Belfast Review

Rating: 4.5 out of 5.

I wasn’t overly aware of Belfast until a couple of months ago when the award films started to rear their heads and see what was going to be the front runners. Belfast was one that took that lead early on, and despite losing a bit of that buzz, it still looks certain to pick up nominations in a few weeks when The Academy announces the nominees.

Belfast is based on the real events that director Kenneth Branagh lived through during his childhood in the Northern Ireland capital city. Set in 1969, the film takes place during the Protestant vs Catholic conflict at the time known as The Troubles. Buddy (Jude Hill) is an innocent young boy just trying to live his life with his family and trying not to get caught up in the war.

This film won’t be for everyone. Despite coming in with a 98 minute run time, it feels a lot longer. Something I don’t necessarily mind, especially when watching in a cinema, people will likely struggle with this one watching at home with some scenes being very speechy being the moments that people will lose interest.

It’s very clearly a love letter from Branagh to his family and upbringing, and the city he was a child in. That love very much comes across in the direction. Branagh has been around for a long time, particularly known for his Shakespeare adaptations in the 90s, he has since turned in impressive films such as Cinderella, Thor and Murder on the Orient Express, proving he can do the big films, with now returning to something much smaller and the first film he has written in 15 years. It’s clearly a passion project for Branagh so the attention to detail is high to make sure he gets this right, and U think he hits the nail on the head.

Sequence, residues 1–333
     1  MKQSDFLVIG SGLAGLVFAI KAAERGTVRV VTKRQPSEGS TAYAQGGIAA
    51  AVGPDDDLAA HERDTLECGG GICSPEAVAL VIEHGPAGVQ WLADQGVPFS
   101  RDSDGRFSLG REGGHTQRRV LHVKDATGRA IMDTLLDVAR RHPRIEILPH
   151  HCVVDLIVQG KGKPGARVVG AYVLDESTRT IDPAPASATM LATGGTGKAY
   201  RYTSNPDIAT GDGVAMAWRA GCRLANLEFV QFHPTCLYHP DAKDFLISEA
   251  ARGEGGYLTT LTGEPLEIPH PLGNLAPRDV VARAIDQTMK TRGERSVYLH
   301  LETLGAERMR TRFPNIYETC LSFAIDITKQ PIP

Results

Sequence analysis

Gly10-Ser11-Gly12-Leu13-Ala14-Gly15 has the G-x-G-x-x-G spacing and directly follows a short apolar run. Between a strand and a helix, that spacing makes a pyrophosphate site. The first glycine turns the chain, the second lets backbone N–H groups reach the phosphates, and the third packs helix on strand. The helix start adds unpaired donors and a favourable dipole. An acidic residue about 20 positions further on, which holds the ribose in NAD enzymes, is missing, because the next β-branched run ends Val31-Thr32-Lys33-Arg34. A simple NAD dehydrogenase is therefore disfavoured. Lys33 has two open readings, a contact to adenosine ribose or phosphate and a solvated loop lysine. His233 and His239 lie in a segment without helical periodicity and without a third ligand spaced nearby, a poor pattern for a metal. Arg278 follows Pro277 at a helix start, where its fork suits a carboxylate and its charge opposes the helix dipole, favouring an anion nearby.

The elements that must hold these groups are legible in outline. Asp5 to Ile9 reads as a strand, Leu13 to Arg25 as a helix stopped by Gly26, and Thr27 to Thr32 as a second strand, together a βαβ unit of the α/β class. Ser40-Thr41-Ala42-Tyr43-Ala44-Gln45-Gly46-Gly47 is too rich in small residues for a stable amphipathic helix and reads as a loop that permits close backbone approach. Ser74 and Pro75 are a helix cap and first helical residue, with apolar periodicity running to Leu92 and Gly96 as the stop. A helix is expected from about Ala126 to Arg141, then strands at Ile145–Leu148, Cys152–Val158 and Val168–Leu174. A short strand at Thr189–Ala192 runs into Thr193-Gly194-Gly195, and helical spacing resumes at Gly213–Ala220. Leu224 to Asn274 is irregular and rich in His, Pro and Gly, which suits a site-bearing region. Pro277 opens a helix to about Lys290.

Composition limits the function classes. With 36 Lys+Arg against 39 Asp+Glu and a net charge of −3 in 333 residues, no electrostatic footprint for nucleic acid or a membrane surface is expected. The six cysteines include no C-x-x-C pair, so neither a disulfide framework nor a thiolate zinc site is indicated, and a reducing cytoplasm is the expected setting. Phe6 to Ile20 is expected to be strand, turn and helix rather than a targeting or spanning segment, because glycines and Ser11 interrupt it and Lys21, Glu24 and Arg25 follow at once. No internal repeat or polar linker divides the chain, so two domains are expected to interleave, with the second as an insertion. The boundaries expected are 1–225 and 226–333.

Black and white films can often be off putting for a younger audience and general audiences, but true cinema goers, aren’t worried about that, especially when it’s shot so well. But what was something that particularly worked for me was the actual use of colour. It’s used a couple of times throughout the film and really hit me when it was used.

The cast do a solid job, the strongest of the bunch for me was Jamie Dornan. He has struggled to shake the 50 Shades of Grey, in the same way that people still talk about Robert Pattison and Twilight. Dornan’s performance’s have been on the up, I haven’t watched either of the shows people particularly talk about when it comes to his best performances (The Fall and The Tourist). As someone else who was born in Belfast, it was probably an easy sell for him to get onboard with the film, as something he would’ve grown up hearing about and living through as a very young boy.

Overall, Belfast is a strong entry love letter to the Northern Irish city and it’s people, the passion project for Branagh hits and lands, but won’t be for everyone. But to enjoy the way it was clearly intended to be seen, watch in the cinema while you still can if you think it might be for you.

Rating: 4.5 out of 5.

What did you think of Belfast? And what do you think are the film’s Oscar chances?

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